From chemical autopoiesis to synthetic biology
In the early 1990s pioneer experiments on chemical autopoiesis (self-production) led, on one hand, to the discovery of lipidic micro-compartments and their dynamics as useful models for origins-of-life research, and on the other hand, to the adoption of a systemic perspective in experimental research on minimal living cells.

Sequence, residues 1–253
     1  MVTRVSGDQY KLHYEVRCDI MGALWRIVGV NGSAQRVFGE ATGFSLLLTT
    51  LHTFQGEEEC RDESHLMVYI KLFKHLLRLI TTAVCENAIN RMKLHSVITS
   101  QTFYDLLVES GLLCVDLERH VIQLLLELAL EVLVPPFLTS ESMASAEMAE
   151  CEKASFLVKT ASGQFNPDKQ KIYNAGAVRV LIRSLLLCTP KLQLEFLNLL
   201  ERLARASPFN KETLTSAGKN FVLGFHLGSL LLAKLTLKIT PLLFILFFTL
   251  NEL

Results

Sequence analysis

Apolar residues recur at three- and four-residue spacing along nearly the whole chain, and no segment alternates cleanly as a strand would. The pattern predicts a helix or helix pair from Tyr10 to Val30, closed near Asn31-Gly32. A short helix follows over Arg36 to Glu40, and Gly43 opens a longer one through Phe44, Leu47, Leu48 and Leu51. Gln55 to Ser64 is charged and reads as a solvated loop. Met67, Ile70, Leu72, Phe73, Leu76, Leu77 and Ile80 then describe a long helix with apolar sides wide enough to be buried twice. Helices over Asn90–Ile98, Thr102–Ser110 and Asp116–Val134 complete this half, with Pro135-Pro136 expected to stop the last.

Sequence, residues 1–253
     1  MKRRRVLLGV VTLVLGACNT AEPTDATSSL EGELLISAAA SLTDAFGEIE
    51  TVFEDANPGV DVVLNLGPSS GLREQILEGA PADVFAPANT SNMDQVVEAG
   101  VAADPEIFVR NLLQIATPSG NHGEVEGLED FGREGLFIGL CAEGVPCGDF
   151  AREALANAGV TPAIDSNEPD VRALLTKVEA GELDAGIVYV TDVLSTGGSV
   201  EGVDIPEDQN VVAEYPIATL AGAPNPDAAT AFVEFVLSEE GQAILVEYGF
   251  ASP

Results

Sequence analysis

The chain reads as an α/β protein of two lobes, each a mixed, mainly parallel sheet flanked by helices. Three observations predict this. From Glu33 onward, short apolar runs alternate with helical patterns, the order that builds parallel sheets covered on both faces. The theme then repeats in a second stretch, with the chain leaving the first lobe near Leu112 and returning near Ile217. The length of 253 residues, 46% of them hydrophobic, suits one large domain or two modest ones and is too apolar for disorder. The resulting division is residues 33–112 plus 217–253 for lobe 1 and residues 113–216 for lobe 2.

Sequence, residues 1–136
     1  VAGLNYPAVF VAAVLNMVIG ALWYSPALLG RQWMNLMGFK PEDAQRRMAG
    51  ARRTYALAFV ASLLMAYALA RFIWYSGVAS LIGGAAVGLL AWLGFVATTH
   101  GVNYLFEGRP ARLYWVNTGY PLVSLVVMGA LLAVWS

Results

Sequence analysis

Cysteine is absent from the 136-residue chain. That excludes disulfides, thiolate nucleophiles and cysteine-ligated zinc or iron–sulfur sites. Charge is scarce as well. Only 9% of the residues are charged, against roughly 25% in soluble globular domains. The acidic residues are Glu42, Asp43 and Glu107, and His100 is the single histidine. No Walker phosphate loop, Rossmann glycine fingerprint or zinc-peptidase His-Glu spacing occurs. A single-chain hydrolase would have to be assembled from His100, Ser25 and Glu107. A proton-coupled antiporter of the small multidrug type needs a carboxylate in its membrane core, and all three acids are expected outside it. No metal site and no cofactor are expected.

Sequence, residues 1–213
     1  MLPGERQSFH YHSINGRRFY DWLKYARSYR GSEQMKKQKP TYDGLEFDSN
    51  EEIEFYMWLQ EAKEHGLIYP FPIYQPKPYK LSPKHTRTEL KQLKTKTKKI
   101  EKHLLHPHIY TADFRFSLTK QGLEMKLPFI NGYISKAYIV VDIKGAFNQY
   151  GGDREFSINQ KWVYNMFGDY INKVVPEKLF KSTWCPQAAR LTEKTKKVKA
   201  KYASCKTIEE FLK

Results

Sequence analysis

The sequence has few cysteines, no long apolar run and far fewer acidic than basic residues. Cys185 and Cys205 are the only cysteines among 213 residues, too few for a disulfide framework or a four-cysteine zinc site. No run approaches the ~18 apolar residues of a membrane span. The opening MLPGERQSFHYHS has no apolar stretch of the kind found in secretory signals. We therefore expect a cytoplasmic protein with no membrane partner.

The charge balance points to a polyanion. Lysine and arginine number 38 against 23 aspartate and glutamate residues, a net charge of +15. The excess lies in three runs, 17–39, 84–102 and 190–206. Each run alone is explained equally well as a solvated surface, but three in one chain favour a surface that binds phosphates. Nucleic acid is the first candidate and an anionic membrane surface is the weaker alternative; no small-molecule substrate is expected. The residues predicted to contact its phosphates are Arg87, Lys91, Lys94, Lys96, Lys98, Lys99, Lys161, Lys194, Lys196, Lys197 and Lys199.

Moreover, the underlying idea of constructing cell models by assembling chemical components (the constructive, or synthetic, approach) has provided an operational field now recognized as bottom-up synthetic biology.
This article discusses the origin of chemical autopoiesis and recapitulates the very early experiments, then presents examples of current developments that aim at assembling protocells and artificial/synthetic cells both for basic and applied science.
Text in English.